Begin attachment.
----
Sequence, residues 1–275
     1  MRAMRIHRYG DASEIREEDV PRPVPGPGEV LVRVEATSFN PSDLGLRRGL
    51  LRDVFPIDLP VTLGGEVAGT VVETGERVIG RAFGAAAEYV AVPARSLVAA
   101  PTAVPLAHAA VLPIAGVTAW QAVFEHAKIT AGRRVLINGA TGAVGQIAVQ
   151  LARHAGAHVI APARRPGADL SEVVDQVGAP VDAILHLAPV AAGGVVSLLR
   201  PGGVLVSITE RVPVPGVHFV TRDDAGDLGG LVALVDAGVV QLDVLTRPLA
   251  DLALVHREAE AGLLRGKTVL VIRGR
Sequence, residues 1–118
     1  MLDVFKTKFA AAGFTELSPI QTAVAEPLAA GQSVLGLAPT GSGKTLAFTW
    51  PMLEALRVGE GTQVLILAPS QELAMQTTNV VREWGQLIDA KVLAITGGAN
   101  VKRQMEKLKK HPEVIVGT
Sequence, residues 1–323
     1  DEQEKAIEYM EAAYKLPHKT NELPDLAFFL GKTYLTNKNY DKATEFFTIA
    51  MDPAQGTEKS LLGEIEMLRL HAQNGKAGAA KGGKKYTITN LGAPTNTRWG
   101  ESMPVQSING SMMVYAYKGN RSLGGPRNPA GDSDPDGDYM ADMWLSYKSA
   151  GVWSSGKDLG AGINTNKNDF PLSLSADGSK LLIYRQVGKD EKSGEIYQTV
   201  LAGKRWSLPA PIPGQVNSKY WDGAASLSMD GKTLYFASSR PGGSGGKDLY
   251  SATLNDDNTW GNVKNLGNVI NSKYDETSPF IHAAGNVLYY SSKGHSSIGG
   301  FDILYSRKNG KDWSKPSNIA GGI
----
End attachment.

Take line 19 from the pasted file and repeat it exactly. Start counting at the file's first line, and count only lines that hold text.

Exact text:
   301  FDILYSRKNG KDWSKPSNIA GGI